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Saturday, 9 January 2016

The Guy With A Tablet.

This week I had to take my partially disabled wife Alex to Wandsworth in London for an assessment, pre-arranged by appointment. Getting there was no real issue. Outside rush hour, the train was sparsely occupied while she remained in her wheelchair throughout the whole journey. The interview itself lasted about eighty-ninety minutes. Afterwards, we had a look around at the huge gleaming indoor shopping mall, beautifully constructed, which rejuvenated this formerly ugly working-class district once blackened with soot from nearby heavy industry, where I remember walking through with my former girlfriend way back in 1971. Without having any wonderful memories of the area, to re-visit after more than forty years was indeed a culture shock.

Bygone Wandsworth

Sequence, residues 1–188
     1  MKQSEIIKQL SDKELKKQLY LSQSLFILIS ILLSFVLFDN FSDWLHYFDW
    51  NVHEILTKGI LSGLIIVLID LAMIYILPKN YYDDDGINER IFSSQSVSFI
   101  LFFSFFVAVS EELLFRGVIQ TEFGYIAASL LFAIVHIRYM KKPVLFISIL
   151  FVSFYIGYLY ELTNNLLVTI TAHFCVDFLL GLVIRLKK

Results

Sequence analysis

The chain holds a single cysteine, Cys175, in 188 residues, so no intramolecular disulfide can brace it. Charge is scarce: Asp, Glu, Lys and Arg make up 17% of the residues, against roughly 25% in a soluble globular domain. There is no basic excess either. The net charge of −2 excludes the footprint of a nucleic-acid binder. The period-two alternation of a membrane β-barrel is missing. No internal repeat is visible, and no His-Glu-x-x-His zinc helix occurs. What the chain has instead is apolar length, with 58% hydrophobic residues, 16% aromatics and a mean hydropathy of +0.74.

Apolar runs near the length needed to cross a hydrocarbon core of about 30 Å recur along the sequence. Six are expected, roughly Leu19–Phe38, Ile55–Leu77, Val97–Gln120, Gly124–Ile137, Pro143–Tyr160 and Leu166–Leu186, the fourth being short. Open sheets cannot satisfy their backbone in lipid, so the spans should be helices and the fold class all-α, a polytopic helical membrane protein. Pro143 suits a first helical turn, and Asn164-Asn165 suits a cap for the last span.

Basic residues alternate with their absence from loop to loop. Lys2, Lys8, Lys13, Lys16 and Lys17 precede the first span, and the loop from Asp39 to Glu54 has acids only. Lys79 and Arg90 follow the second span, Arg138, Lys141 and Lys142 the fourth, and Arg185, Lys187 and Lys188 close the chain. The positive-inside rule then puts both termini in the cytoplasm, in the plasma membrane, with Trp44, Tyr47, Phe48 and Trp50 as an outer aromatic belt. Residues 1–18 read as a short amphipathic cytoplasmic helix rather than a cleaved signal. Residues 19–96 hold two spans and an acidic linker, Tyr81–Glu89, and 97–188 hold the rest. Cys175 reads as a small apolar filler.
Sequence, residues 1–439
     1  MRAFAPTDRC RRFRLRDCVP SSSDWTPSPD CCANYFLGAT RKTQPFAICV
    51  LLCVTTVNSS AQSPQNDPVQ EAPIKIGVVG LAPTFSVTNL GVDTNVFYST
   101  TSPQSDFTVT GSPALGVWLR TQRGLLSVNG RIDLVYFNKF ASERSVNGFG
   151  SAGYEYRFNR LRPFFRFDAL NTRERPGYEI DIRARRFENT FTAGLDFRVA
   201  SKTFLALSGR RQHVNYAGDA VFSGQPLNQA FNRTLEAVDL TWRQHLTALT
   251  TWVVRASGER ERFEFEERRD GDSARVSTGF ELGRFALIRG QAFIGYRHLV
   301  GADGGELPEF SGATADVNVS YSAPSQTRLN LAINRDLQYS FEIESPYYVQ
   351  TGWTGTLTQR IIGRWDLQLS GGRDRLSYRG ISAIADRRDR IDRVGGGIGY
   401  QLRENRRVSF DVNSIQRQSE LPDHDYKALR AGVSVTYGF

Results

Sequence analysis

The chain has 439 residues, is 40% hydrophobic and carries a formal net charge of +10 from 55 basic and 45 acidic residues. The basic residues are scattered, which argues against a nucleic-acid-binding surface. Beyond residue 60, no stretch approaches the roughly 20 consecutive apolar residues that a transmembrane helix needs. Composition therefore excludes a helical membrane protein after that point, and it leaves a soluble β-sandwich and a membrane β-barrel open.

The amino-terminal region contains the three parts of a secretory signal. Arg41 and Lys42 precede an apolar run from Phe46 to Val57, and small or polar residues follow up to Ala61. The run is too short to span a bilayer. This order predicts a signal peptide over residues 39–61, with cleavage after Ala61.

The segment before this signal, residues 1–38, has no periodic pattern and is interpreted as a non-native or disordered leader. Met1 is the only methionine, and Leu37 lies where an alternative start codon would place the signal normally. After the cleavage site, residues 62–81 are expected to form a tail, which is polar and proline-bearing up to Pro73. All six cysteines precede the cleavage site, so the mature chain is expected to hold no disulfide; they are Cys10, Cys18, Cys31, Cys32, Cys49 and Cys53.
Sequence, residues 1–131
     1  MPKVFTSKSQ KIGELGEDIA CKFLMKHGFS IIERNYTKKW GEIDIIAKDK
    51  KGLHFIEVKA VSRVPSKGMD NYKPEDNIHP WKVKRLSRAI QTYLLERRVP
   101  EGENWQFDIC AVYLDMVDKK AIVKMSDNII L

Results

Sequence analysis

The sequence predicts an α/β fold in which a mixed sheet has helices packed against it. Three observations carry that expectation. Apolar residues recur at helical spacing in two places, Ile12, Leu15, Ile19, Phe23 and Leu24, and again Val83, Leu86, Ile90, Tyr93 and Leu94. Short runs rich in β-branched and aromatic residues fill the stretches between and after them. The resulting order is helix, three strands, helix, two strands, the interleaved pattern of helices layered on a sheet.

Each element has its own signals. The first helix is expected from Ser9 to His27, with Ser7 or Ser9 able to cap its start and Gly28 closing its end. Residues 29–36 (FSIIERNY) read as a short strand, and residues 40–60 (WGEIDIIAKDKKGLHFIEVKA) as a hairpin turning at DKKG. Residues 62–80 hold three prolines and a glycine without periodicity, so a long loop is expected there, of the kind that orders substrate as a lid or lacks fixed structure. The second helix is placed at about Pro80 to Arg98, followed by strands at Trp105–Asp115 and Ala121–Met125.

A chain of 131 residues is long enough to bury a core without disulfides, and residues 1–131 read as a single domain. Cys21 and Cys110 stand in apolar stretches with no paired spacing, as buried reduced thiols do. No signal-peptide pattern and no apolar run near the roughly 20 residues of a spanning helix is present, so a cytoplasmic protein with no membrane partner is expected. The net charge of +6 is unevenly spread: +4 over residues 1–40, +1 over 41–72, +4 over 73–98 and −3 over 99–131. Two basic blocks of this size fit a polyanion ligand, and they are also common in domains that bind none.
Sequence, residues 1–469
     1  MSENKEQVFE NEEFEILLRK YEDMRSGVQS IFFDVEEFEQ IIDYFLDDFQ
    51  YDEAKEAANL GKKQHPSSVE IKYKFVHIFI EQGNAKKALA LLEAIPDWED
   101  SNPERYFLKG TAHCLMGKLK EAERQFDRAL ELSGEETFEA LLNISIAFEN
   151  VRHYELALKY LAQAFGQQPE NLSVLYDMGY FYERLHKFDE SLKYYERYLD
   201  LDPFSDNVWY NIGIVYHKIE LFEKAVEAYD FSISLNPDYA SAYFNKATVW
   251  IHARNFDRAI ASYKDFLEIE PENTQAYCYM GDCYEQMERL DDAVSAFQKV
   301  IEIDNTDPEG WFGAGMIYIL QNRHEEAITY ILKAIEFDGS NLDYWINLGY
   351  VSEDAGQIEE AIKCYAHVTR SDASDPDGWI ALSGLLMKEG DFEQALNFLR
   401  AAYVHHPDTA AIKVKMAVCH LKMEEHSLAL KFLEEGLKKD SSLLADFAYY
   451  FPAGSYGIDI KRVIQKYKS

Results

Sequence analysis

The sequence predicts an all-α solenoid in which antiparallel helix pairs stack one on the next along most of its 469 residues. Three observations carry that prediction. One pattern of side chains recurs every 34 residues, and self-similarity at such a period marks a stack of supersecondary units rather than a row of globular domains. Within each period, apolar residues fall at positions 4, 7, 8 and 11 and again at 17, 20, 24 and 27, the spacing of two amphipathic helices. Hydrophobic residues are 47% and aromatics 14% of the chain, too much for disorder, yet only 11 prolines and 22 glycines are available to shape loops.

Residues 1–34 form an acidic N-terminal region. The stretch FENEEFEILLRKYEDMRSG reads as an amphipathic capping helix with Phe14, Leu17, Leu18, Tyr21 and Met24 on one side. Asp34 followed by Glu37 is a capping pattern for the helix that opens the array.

But it was the return journey which had inspired me to write. Being the start of the evening rush hour, far more seats in the train were taken, except one which was right by the doors, allowing me to sit while holding my wife's hand as she remained sitting in her wheelchair. Directly in front of me were two male passengers. Both looking to be in their late twenties or early thirties. The one by the window had longish hair, sported a moustache, and was dressed casually with a shirt open at the neck. The other, next to the central aisle and sitting right next to the first, was a businessman dressed in suit and tie, and concentrating hard on his tablet. I was able to have occasional glances at his screen, which looked as though he was flicking through one image after another. Despite myself cracking jokes which brought bursts of laughter from Alex, (to lift her morale) this fellow remained stern-looking as he kept on gazing at his tablet.